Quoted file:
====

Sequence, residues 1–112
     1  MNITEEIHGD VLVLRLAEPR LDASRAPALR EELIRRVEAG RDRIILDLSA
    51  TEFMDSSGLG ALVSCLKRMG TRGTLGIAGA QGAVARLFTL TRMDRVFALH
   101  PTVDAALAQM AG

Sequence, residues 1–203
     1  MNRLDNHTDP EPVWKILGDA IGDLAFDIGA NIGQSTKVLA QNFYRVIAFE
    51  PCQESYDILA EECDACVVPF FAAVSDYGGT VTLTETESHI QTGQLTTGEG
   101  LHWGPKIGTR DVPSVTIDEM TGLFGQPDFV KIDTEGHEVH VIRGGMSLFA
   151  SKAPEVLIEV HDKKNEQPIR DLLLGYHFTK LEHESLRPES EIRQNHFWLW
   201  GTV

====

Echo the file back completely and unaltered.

Sequence, residues 1–112
     1  MNITEEIHGD VLVLRLAEPR LDASRAPALR EELIRRVEAG RDRIILDLSA
    51  TEFMDSSGLG ALVSCLKRMG TRGTLGIAGA QGAVARLFTL TRMDRVFALH
   101  PTVDAALAQM AG

Sequence, residues 1–203
     1  MNRLDNHTDP EPVWKILGDA IGDLAFDIGA NIGQSTKVLA QNFYRVIAFE
    51  PCQESYDILA EECDACVVPF FAAVSDYGGT VTLTETESHI QTGQLTTGEG
   101  LHWGPKIGTR DVPSVTIDEM TGLFGQPDFV KIDTEGHEVH VIRGGMSLFA
   151  SKAPEVLIEV HDKKNEQPIR DLLLGYHFTK LEHESLRPES EIRQNHFWLW
   201  GTV